What I want to do is to look up C. . . . I call him the Forgotten Man. (Sumner)

Skipjack
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Postby Skipjack » Fri Mar 30, 2012 1:04 pm

Government handouts and regulation will never provide affordable quality health care. In fact, I think that it will only eventually degrade health care.

Not true. It works in other countries. Pretty much everybody else is paying less than the US does for healthcare. Many have equal quality healthcare and the systems are certainly much less complex and more consumer friendly. E.g. you can go to any hospital or clinic in the vicinity and dont have to pick one that has a contract with your health insurance company (with the exception of private sanatoria, which usually just provide more comfort, but often lack in medical equipment and staff compared to the public clinics).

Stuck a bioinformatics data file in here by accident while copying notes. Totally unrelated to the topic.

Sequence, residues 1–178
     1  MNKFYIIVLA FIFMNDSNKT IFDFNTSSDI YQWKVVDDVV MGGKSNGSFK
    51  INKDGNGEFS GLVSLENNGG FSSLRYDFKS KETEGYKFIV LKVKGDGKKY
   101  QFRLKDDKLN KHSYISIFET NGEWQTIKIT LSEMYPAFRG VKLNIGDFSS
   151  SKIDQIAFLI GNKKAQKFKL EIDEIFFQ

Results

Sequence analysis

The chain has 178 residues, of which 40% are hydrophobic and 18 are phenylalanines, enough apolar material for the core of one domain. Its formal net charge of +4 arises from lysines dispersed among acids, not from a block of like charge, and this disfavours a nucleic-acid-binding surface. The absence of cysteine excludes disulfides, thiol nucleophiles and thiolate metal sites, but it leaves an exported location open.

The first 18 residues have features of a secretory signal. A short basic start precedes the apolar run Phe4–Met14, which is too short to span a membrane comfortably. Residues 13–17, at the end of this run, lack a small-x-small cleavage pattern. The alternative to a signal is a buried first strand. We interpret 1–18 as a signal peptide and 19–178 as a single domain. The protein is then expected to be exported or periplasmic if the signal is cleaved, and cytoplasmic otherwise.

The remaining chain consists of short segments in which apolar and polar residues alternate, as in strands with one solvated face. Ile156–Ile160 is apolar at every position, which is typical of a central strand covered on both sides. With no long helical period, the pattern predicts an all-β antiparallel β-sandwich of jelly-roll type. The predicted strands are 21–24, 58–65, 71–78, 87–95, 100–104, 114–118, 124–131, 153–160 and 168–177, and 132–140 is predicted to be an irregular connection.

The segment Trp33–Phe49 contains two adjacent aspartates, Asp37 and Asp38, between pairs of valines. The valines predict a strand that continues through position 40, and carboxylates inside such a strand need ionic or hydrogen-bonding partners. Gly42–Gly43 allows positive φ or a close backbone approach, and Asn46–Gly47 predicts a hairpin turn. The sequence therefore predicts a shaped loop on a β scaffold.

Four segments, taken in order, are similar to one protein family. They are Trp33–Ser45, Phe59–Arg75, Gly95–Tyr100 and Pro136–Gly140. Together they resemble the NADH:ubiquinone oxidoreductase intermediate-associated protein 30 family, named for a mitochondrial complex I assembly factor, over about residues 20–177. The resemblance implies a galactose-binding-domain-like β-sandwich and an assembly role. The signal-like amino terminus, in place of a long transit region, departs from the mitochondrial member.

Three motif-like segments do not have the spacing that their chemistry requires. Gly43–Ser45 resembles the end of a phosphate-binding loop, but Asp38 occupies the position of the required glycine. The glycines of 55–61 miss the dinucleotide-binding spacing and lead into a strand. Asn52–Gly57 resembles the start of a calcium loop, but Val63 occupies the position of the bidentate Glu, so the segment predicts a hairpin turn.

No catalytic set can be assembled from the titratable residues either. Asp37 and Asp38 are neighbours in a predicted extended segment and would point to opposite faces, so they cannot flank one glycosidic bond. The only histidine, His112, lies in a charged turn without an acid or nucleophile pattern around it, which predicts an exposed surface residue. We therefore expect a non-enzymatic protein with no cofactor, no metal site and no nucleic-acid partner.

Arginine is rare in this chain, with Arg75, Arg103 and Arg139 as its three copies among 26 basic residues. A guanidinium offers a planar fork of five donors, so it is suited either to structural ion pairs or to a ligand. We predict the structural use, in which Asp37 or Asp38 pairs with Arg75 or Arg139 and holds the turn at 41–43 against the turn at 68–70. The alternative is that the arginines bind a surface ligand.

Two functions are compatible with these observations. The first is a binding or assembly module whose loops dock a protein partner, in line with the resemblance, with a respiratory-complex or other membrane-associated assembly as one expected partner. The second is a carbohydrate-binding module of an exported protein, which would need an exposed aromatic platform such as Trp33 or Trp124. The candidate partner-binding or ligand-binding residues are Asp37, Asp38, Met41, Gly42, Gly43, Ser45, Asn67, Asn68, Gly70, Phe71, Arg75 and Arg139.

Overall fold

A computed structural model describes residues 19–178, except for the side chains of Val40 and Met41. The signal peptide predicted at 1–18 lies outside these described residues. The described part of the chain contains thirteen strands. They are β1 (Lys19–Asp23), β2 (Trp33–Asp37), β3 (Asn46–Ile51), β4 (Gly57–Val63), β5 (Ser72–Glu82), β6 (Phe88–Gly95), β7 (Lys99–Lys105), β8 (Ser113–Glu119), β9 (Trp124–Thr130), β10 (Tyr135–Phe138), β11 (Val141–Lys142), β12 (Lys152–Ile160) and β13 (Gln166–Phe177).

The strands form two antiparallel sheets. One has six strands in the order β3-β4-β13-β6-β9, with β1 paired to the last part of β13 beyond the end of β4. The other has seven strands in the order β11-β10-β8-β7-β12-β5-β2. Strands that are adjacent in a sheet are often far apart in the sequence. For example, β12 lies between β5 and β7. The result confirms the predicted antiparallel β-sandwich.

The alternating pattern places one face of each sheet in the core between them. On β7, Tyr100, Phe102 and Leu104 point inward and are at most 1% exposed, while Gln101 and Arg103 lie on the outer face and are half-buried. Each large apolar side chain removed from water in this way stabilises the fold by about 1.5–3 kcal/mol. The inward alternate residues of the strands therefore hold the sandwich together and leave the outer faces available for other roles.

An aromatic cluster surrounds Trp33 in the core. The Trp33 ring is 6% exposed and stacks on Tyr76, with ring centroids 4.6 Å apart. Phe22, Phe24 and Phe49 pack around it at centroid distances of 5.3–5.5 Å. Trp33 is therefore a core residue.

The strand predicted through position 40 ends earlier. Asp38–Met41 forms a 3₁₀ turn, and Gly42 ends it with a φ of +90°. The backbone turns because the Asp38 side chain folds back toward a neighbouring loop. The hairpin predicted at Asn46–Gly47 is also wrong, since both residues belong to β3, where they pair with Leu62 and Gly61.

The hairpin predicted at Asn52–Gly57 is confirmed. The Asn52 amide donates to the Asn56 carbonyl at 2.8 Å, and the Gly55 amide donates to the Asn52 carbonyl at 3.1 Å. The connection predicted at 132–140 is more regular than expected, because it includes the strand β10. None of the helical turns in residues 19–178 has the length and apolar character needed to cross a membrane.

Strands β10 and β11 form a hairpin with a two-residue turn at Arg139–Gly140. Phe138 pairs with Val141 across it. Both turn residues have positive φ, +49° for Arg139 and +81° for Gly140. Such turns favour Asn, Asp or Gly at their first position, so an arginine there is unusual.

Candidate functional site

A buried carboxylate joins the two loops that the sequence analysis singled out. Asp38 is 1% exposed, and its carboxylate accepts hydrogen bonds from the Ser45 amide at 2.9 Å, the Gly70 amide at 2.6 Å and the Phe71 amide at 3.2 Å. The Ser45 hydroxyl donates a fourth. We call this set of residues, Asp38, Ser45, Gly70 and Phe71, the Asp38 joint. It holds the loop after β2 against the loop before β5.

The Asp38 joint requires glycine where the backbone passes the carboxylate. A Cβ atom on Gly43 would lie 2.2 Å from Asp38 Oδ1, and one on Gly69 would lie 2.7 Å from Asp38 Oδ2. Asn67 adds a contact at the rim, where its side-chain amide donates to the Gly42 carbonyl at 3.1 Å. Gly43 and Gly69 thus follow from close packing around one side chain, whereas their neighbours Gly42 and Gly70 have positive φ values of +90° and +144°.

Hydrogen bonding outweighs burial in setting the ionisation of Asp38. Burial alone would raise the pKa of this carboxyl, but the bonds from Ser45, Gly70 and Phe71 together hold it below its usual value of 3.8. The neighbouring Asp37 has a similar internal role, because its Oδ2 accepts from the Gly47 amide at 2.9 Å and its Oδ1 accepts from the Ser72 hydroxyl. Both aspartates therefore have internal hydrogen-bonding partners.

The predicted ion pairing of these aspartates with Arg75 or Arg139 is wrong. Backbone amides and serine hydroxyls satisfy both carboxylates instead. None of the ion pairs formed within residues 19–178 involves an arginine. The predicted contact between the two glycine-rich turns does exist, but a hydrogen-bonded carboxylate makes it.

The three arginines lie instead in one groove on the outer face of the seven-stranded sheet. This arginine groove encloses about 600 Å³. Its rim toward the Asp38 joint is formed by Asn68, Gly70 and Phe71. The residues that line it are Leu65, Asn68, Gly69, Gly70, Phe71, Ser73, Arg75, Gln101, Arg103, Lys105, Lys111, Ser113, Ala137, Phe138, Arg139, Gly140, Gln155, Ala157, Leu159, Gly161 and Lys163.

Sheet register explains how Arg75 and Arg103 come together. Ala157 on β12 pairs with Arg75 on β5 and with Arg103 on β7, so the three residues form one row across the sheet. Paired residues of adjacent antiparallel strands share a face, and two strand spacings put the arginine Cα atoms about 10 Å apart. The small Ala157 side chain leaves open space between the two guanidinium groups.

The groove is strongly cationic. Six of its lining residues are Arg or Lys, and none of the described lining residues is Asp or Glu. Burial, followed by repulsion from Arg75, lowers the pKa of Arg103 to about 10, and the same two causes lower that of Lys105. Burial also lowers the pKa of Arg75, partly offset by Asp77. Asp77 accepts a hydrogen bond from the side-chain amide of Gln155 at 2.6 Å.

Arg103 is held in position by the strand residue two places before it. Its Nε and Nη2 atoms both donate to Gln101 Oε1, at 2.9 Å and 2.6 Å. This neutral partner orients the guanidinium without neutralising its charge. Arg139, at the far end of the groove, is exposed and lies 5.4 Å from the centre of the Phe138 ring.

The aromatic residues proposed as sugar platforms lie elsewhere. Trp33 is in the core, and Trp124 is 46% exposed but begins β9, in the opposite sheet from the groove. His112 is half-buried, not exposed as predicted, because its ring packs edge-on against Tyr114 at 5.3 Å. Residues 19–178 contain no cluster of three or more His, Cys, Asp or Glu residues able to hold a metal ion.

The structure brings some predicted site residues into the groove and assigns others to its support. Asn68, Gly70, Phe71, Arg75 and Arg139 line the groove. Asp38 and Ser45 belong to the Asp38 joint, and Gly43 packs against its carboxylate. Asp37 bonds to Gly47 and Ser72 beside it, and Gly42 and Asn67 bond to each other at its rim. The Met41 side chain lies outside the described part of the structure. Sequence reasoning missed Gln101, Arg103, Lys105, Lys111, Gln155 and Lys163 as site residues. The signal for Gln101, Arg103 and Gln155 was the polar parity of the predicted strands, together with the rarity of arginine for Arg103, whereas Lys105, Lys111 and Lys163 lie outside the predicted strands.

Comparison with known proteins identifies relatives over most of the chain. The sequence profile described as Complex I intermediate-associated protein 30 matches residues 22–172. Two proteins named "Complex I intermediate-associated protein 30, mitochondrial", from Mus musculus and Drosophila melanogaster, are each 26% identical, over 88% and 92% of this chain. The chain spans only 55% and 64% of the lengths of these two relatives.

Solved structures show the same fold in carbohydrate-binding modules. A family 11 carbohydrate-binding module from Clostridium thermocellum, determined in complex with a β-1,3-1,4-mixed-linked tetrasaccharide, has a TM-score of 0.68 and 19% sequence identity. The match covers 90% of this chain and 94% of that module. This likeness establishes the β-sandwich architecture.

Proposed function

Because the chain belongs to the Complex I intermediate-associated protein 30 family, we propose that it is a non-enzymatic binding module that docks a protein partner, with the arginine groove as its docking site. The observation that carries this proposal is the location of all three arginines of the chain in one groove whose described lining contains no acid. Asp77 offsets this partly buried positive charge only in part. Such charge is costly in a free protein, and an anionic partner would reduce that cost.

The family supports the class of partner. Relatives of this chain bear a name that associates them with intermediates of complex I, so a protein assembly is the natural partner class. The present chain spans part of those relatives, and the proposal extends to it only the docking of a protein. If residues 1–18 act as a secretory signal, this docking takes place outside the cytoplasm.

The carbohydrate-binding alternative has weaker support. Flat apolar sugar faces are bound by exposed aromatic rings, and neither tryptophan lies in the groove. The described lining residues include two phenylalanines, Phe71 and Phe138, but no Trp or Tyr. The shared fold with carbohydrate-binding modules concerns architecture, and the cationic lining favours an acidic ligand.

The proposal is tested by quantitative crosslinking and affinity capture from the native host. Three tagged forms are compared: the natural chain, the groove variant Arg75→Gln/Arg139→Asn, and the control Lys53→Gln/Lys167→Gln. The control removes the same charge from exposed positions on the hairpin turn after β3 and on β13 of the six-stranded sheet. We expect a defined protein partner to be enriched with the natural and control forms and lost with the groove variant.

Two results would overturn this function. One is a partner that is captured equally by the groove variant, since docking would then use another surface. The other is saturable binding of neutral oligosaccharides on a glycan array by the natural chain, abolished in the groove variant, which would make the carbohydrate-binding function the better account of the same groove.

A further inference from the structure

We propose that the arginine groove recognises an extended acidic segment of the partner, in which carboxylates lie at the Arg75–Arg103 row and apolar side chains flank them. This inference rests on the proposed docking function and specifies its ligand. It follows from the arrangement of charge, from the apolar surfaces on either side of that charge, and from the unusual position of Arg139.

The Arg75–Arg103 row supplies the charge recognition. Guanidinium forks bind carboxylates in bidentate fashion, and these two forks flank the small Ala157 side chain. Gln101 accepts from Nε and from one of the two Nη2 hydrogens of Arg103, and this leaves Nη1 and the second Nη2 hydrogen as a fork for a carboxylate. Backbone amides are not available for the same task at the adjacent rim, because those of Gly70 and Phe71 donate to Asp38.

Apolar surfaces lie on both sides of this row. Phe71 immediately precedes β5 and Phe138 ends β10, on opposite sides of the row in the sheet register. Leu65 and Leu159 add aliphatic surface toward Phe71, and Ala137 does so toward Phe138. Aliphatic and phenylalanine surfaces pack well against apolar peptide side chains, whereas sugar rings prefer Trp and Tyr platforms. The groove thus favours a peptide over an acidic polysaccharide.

The thing is that people in the US were already paying for social security anyway (and IMHO quite a lot for what they got). So it would have made sense to simply build on that and give you full health care support. You can still have private options for additional coverage beyond the medical necessity. This is how it is done here.
Government insurance covers everything to give you best possible medical care and I mean best possible. But you will have to share a hospital room and bathroom with other patients, food will not be a 4 star meal but the usual dull kind of stuff. You will live and you wont go broke due to bills, but you cdertainly wont enjoy your stay in the hospital.